How I Rediscovered Feminism After My Invisible Chronic Illness

Chronic illness makes it hard to be the stereotypical 'strong woman'. That in turn made the author question, am I a bad feminist?

Chronic illness makes it hard to be the stereotypical ‘strong woman’. That in turn made the author question, am I a bad feminist?

I think I have always been a feminist. Even before I knew these terms, I questioned the gender roles and micro-aggressions around me. Why should I set the table when guests come and not my brother? Why is it not safe for me to go to market alone? The questions were endless.

When I was taught feminism in college, it was like coming home. I finally had the terminology to give voice to my thoughts. I felt understood like never before.

Things changed when I got diagnosed with Fibromyalgia and Bipolar Affective Disorder Type-II (BPAD-II). Fibromyalgia involves chronic pain and fatigue along with other symptoms. BPAD-II involves mood swings between hypomania and depression. After I got these illnesses, it took a huge toll on me physically and mentally. I started questioning if I am a ‘good feminist’ and if I am strong enough. I had fallen into a trap. My understanding of being empowered and strong was borrowed from the same toxic patriarchal and capitalist structures that feminism sought to challenge.

I tried my best to be stoic…

I had long maintained that chivalry is patriarchal. How do I now ask men to hold the door for me or carry my luggage? I wanted to be strong emotionally but I was depressed, anxious and unstable. I was falling right into the crazy woman stereotype. I didn’t want to show so many disturbing emotions and tried my best to maintain a stoic exterior. Women are more easily ridiculed or ignored if they show signs of such emotions. I was wrong.

Slowly, I re-learnt feminism. Chivalry is sexist, in my opinion. Asking for help in a physically inaccessible world is not. Emotional wellbeing is important. That implies voicing the emotions rather than hiding them. It is important for both men and women otherwise they lead to violent emotions like anger and guilt. I changed my definition of empowerment and strength.

Accessibility is a feminist issue. Fibromyalgia (and some other chronic pain conditions) affect women more than men. Women are more likely to be disbelieved about their chronic pain, especially for conditions like endometriosis which involve menstrual cycle pains. A prominent rheumatologist told me that women have lower pain tolerance. In fact, it took me a long time to get a diagnosis. This is partly because medical professionals were dismissive about my pain.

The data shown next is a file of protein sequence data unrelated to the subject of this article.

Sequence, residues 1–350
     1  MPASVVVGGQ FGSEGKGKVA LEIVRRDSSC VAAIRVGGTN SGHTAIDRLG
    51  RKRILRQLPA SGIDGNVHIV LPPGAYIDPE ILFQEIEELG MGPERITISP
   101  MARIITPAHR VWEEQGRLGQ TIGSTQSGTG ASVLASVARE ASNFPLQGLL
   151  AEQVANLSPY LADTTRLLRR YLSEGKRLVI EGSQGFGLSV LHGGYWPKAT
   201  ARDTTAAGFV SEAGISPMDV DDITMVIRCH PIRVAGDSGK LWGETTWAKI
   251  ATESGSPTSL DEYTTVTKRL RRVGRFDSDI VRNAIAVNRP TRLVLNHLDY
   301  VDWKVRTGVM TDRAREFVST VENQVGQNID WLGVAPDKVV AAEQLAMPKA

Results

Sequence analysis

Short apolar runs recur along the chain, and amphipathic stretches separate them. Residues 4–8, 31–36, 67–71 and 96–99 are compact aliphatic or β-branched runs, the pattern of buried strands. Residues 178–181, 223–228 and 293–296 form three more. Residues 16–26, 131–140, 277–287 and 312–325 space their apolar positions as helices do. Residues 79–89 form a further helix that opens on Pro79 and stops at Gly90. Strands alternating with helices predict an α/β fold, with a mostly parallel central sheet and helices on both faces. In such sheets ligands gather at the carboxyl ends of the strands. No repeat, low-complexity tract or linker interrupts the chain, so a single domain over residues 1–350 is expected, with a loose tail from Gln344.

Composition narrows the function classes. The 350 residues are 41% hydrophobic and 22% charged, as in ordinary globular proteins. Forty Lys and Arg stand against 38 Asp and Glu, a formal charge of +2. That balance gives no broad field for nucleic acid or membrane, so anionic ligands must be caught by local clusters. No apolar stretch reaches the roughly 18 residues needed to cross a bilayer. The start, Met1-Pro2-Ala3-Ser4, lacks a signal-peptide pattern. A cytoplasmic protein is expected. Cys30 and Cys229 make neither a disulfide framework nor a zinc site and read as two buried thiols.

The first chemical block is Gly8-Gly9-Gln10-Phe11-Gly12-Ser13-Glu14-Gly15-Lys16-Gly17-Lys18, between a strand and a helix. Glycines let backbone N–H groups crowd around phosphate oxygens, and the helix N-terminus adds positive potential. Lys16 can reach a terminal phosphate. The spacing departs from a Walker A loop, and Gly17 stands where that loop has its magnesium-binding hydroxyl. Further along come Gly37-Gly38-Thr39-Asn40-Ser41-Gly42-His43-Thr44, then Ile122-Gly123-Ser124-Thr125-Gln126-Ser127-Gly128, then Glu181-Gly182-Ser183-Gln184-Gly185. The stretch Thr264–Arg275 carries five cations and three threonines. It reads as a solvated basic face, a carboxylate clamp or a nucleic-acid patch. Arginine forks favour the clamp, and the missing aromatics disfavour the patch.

If we perceive women as more emotional, then their symptoms of conditions like BPAD-II would not be easily diagnosed as it would be seen as an everyday characteristic of a woman. Women are constantly told that they cannot handle stress. I felt guilty and weak when I left my high-pressured job as a corporate lawyer to take care of my health. Am I unable to handle difficult working conditions? Women are often also considered to be demanding attention. Is call for attention that bad – well, that’s another discussion.

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So, if feminism does not fight for accessibility, more women will be marginalised from our society and other associated structures such as workplaces. Until we fight sexism in the medical community and services, women will not get equal opportunities due to lack of proper treatment. Also, clinical trials are needed that focus on effect of medication on pain in women.

Women face discrimination even when sick

Conditions like Fibromyalgia, ME/CFS, depression, anxiety and BPAD-II also have a psychosocial connection. Is a patriarchal system more prone to make the oppressed classes sick? Women face their own triggers. Sexual assault, discrimination at home and workplace, public sidelining etc. They face discrimination in counseling as well. They face disbelief, dismissal and such attitudes when talking about their illnesses and symptoms.

Empowerment shouldn’t be defined in a manner where women are expected to fit certain norms. Feminism stands for equality and it needs to give space for voices and concerns of women with invisible illnesses (and other disabilities) to be truly inclusive for fulfilling its goals.

Currently, a lot of events, including pride marches are very inaccessible. I went to the Delhi pride march where all vehicles provided were full. There was no way for someone with an invisible disability to get better access to them. I even tried asking them. Many of the other conferences and events are kept at places with staircases.

Then, there is the problem that modern feminism needs you to be constantly updated with current ongoing to be part of the discussions. If you are not in the know of the latest trending topic of discord, you are not seen as a good feminist. During a flare, you need to relax and shut off from the noise as it can aggravate sleeplessness and pain. This puts you behind on your feminism.

I constantly carry a lot of guilt for not being able to fit within the discourse of feminism. Anxiety causes me to leave all places early due to concern of lack of safety after light hours. I often can not take part in discussions and arguments. I cannot hold a very physically stressful job. There are many more things. Do they make me a bad feminist?

There is an increasing discourse on making feminism more accessible and inclusive. This has still not touched much on aspects of chronic pain and invisible illnesses like Fibromyalgia. With time and effort, let us check our feminism and make it more inclusive. After all, I repeat, accessibility is a feminist issue.

Image via Pixabay

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